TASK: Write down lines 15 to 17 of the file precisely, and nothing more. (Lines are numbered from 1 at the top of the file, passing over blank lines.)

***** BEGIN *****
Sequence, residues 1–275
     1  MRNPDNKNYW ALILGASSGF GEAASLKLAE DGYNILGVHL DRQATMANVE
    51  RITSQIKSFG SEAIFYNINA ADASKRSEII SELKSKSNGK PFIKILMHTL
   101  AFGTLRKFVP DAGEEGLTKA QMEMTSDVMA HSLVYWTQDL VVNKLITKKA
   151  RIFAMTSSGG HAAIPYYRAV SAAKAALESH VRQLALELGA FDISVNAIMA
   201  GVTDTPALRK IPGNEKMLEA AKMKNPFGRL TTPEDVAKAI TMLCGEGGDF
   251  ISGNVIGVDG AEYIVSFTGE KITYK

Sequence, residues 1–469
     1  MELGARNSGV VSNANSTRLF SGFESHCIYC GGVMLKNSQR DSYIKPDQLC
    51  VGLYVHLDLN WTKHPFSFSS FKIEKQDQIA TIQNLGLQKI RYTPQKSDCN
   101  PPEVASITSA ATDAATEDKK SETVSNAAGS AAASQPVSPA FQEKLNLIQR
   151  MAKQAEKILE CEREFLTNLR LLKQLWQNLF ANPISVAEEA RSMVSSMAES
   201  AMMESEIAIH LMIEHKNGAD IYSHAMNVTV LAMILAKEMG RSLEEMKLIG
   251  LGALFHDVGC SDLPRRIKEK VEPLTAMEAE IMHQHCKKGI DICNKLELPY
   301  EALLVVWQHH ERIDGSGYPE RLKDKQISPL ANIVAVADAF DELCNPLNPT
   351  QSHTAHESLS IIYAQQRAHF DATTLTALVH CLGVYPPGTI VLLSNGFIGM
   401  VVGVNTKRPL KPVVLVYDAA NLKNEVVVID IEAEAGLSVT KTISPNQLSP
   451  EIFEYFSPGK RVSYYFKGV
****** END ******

   301  EALLVVWQHH ERIDGSGYPE RLKDKQISPL ANIVAVADAF DELCNPLNPT
   351  QSHTAHESLS IIYAQQRAHF DATTLTALVH CLGVYPPGTI VLLSNGFIGM
   401  VVGVNTKRPL KPVVLVYDAA NLKNEVVVID IEAEAGLSVT KTISPNQLSP